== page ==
Dominican Sisters COVID-19 art exhibition commemorates deaths from pandemics

ADRIAN, Michigan – During the height of the COVID-19 pandemic, the Dominican Sisters of Adrian were a microcosm of the suffering and loss caused by the coronavirus. Of the 219 residents at the sisters’ motherhouse in Adrian, 14 died from COVID-19 in the first year of the pandemic.

The loss left the remaining sisters to process their grief, and many chose to do so through art. This past May and August, the sisters displayed some of these artworks in an exhibition in their gallery at the Weber Retreat and Conference Center. The Art in Times of COVID exhibition featured the work of eight women, including five sisters.


It came about after a group of the sisters and their friends met on Zoom to share the work they had created during the pandemic.

“It’s been an effort to process both the COVID reality and the pandemic and all that was going on and a lot of the losses that were happening and the sickness and death that were happening and the uncertainties and our own Expressing creativity yourself,” said Adrian Dominican Sister Suzanne Schreiber, coordinator for the sisters’ gallery space, INAI: A Space Apart.

The INAI gallery – from a Japanese word meaning “within” – was the vision of Adrian Dominican sisters Barbara Chenicek and Rita Schiltz, who died in 2015 and 2020 respectively. In the 1970s the sisters turned the old laundry into a studio and gallery space, and when Chenicek died the sisters decided to turn it into a permanent gallery where they could also host courses and retreats.

The Art in Times of COVID exhibition featured a variety of art styles, from painting to photography to quilting, journaling and collage and more. Visitors were invited to write the names of those who died from COVID-19 on a piece of paper and place it in a basket as part of the exhibition.

For one of the artists, Adrian Dominican Sister Nancyann Turner, the exhibition was a way to process the grief of losing friends.

“In a way, this global pandemic has made us citizens of the world and as you mourned these people who you also knew, you also saw images of New York City and Italy and France and it was an opportunity to lament in a more communal way. she told Detroit Catholic, a news outlet for the Archdiocese of Detroit.

Turner, who has been a Dominican for more than 60 years, participated in the exhibition through multiple artistic means, including commemorative quilts, collages, and creative journal entries.

“I made three quilts — the first was a quilt of hope when we thought COVID would be over in six months,” she said. The second quilt was called “Lament” and was made in darker colors but with a tinge of light to show “that there is always a glimpse of new light and resurrection hope”.

According to Turner, through quilting she was able to create a new unity from the variety of colors and shapes.

“I think it’s another wonderful example of female creativity,” she said. “During this period of hibernation and cocoon, it was a very comforting thing to work on every week and remind me again of my mother and grandmother as I chose and sewed these different colors, which helped me lament, but also to have hope and peace.”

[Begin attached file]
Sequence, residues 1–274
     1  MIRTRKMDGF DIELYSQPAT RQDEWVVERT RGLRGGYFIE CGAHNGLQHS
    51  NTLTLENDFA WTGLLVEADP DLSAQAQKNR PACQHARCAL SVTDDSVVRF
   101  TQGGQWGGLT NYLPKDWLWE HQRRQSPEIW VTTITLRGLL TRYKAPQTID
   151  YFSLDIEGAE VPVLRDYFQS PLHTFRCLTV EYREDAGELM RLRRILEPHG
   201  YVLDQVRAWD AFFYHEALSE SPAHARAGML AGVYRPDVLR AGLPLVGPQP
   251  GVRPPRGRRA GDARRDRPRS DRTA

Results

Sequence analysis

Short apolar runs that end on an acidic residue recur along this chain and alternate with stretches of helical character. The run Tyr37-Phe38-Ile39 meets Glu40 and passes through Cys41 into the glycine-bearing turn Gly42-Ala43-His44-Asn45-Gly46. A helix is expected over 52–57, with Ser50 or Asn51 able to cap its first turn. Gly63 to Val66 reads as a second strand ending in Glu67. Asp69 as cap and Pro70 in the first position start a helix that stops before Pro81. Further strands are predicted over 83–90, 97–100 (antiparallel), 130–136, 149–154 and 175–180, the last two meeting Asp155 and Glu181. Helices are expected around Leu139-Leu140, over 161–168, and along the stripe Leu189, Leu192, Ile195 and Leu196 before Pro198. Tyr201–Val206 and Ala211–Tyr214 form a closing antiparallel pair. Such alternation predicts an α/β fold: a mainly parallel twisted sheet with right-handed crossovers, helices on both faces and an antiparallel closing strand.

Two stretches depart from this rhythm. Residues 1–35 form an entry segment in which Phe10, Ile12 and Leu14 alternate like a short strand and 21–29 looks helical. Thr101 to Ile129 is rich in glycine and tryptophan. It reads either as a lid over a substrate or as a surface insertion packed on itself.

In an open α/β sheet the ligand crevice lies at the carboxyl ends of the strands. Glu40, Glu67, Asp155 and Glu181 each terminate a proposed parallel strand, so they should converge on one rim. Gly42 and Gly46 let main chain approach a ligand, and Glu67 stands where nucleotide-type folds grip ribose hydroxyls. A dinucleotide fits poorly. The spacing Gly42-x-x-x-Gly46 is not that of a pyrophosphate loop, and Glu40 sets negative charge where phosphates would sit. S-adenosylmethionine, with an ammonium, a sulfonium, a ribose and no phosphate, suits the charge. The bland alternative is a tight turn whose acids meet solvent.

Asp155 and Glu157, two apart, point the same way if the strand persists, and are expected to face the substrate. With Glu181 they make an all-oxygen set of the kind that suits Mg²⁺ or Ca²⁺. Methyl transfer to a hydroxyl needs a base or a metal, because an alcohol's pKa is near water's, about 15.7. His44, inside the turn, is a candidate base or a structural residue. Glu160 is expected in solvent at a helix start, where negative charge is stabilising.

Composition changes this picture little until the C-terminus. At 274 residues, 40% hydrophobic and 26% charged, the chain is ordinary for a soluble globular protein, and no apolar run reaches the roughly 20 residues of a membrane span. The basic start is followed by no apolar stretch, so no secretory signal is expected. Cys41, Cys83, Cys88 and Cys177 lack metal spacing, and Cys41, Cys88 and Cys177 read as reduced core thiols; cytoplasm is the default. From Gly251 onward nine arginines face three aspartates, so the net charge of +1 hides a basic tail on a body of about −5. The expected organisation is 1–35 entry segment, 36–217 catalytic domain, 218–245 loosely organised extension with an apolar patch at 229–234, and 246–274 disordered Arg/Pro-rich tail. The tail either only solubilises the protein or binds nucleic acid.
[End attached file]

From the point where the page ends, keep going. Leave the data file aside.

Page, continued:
The exhibit also included photos of two other projects Turner was working on, including a memorial garden she created in memory of her own sister, who died before COVID-19. As she did, it expanded into a memorial to everyone she knew who had died.

“It was a way of going outside and using soil and seeds and following the legacy of my father, grandfather and grandmother, who were all farmers, so this was another way I tried to create a place of beauty to honor the recent death of our own sister,” she said.

She also contributed to a larger memorial project for those who died from COVID-19. In 2021, Detroit began crowdsourcing for a public art monument to recognize the magnitude of losses in the area during the pandemic. Detroit and Southeast Michigan residents were invited to participate. Turner decided to make memorial bags for those she knew who were lost to the coronavirus, particularly the sisters.

“We lost 14 sisters to COVID this year despite our best efforts, so I created a memorial for each of them, and then a couple of the kids I used to work with in the Capuchin soup kitchen died too, so I made for they made every one too,” she said. “It was like a sacred undertaking to remember and almost connect with each of them. Each of these little pouches contained a little prayer or letter to her – something of a memorial to her. It was a very peaceful and sacred undertaking for me to make remembering tangible. And every monument was different. I used beads and lace and yarn and stitches, and I just felt connected.”

In the Adrian Dominican Congregation of around 440 members, many are artists and Turner believes that making art, if somewhat unofficially, is part of the charism of the order.

“I think part of our Dominican spirituality and our Christian spirituality is responding to God’s creativity and using our creative energies for the benefit of others,” Turner said. “There are many direct ministries that we provide for justice and peace and work against racism, but I also think there is a call to create beauty and a call to affirm people’s longing for the sacred.”

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Patti is a news reporter for Detroit Catholic, the online news agency for the Archdiocese of Detroit.

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